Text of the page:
As chemical and mechanical removal is often too expensive and ineffective, researchers have turned to biological control agents to deal with water hyacinth. The effort began in the 1970s when USDA resarchers released three species of weevil known to feed on water hyacinth into the United States: Neochetina bruchi, N. eichhorniae, and the water hyacinth borer, Sameodes albiguttalis. Although meeting with limited success, the weevils have since been released in more than 20 other countries.
You can have a by-line in the next edition of Camel Express:
Tell us something interesting about yourself since you left Niger.
Tell us something about your favorite person, place, and occasion in Niger.
Tell us about an event or gathering your "stage" or group of Nigerien friends is planning.
Tell us about any current event in Niger.
Send your information/story to:
2388 Glenmawr Ave.
Columbus, OH 43202
Visit us at: www.friendsofniger.org
Or Write to us at:
Friends of Niger
P.O. Box 5823
May 13, 2007
Dear Friends of Niger,
The Board of Directors of Friends of Niger (FON) is requesting your support for a wonderful program in Niger. For the past several years, Peace Corps Niger (PCN) has sponsored scholarships and support for 18 Nigerien girls to complete their secondary education. The Board members of FON have assisted with this program in the past with donations from our members. PCN and the FON Board members consider this program an essential investment in the future of Niger because more than 60% of all poverty in Africa is found among women, less than 1/3 of girls who complete primary school in Niger are able to attend secondary school, every year of school a girl completes dramatically reduces the chances she will live in poverty, and recent studies suggest that improvements in female literacy are crucial to development in traditional societies. In the future, the girls who participate in this Peace Corps program could become leaders in the development of their communities and resources and support for other girls.
Peace Corps Niger has reported that sources of funding for this program have diminished and has requested that FON increase our funding support for the program. Because of its importance, the FON Board members have pledged to contribute $3,600 which is equal to a year's budget for the program. The financial support for the scholarship program amounts to $200/girl per year, and currently there are 18 girls in the program. PCN is committed to providing the on-going infrastructure and Peace Corps volunteer to support the program. We are approaching you, the Friends of Niger, to join with us in guaranteeing the future of this crucial program. We are requesting that you pledge a contribution of 10, 15, or 20 dollars a year to this program. in addition to our financial support the FON Board of Directors has committed FON to researching with Peace Corps Niger alternative and more permanent sources of funding for this program.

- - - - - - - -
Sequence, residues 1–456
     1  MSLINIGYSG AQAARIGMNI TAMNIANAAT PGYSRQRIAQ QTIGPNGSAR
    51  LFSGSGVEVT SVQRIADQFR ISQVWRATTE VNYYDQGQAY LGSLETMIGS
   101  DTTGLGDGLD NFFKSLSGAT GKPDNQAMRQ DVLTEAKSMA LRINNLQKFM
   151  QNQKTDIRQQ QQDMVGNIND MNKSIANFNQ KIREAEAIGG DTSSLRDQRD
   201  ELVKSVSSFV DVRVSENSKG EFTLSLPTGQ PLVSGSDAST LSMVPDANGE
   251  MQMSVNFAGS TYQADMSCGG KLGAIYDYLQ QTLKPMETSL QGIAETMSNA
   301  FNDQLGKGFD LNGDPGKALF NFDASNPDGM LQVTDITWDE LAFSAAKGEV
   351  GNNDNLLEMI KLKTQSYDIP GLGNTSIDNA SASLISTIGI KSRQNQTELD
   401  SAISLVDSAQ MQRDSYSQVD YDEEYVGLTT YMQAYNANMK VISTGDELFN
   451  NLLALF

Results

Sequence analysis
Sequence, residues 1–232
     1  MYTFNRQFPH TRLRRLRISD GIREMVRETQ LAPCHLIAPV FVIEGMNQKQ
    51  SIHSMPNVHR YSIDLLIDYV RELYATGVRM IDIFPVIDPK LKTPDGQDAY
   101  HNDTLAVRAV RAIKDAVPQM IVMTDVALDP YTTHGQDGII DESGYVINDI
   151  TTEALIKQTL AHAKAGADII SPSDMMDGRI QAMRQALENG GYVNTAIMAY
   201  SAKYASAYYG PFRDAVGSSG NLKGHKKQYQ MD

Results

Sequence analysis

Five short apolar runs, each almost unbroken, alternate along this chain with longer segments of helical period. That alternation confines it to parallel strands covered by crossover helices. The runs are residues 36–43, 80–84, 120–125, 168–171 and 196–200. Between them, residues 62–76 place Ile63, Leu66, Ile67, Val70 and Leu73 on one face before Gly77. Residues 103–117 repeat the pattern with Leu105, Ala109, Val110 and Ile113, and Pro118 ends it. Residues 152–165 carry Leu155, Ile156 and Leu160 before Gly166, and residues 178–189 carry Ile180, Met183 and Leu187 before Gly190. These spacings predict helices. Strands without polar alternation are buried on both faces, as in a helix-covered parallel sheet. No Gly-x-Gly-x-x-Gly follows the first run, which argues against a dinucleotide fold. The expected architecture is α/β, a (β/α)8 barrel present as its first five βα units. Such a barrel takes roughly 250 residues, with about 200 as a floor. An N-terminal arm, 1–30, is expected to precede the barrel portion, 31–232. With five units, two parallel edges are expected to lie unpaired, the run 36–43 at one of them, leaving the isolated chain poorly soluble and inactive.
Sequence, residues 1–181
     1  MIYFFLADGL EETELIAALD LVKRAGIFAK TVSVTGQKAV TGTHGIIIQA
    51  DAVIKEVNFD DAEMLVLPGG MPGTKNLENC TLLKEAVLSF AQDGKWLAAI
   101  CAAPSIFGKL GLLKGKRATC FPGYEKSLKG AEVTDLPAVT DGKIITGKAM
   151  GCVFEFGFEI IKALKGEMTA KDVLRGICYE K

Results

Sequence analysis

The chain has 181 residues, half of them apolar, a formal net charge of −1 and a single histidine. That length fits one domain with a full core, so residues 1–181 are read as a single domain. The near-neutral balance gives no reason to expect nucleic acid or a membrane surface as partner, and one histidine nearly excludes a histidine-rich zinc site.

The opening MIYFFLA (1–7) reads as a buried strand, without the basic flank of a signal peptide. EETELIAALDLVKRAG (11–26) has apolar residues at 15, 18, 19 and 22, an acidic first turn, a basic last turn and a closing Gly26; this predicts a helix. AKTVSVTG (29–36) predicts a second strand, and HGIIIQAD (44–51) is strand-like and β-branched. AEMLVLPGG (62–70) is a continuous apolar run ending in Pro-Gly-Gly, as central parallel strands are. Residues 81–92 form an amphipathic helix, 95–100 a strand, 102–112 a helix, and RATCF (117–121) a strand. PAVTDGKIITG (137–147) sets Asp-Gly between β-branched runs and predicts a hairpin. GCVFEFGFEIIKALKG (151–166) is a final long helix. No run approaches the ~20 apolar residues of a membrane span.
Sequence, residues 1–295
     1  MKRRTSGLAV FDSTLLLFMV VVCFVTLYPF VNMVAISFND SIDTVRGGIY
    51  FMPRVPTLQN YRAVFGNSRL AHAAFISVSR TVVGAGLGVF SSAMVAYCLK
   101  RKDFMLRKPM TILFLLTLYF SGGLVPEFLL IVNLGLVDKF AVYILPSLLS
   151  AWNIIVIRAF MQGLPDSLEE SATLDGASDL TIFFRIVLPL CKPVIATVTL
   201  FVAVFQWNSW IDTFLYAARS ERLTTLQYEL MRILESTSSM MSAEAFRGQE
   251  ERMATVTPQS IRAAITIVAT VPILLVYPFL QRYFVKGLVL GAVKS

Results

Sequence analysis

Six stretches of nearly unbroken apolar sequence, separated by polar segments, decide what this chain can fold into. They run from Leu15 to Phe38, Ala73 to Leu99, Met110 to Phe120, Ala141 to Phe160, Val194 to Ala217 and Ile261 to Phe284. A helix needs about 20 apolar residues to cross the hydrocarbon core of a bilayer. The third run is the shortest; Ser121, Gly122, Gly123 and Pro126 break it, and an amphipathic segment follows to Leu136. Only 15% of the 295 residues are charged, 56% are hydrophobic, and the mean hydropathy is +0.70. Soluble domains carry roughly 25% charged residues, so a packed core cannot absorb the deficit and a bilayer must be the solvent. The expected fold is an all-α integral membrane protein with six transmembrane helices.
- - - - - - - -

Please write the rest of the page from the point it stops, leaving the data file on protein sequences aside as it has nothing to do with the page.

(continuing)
As I write to you on this Mother's Day, 2007, I am reflecting on the lyrics of "Daughters" a popular song by John Mayer that speak to taking care of the girls because our girls one day become mothers... In honor of all our mothers including our Nigerien "host" mothers, I am appealing to you for your support of this program. With your assistance, we continue to make a contribution to the development of Niger and the people we love so deeply.
John W. Soloninka
President, Friends of Niger
The Friends of Niger is a tax-exempt organization under section 501(c)(3) of the Internal Revenue Code. Contributions to Friends of Niger are fully tax deductible.
Please use this pledge form:
To: John Soloninka, President FRIENDS of NIGER P.O. Box 5823 Washington, D.C. 20016-9998 Dear John, ___ Yes, I want to contribute to the Peace Corps Niger/FON Girls' Scholarship Program: Please receive my contribution of ____________ (checks should be made to the order of Friends of Niger) ___ Yes, I want to contribute to the Peace Corps Niger/FON Girls' Scholarship Program and am pledging the following annual amount: __________ ___ Yes, I want to help PCN/FON raise awareness of this program and will distribute information about this program among my Niger RPCV contacts and others. ___ Yes, I want to help PCN/FON with this program by coordinating a fund raising event in my community. ___ Yes, I want to help PCN/FON with this program by submitting an article (and/or photos) to the FON newsletter, Camel Express, about my experiences with girls' education while I was in service in Niger. Name: _________________________________________________________ Address: ______________________________________________________ _______________________________________________________________ Please note that a list of donations and pledges will be distributed to Peace Corps Niger and FON members. For your donation, please indicate one or more of the following: My donation to this program is given: ___ In memory of ________________________________ by: ____________________________ ___ In honor of _________________________________ by: ____________________________ ___ Anonymously The Friends of Niger is a tax-exempt organization under section 501(c)(3) of the Internal Revenue Code. Contributions to Friends of Niger are fully tax deductible.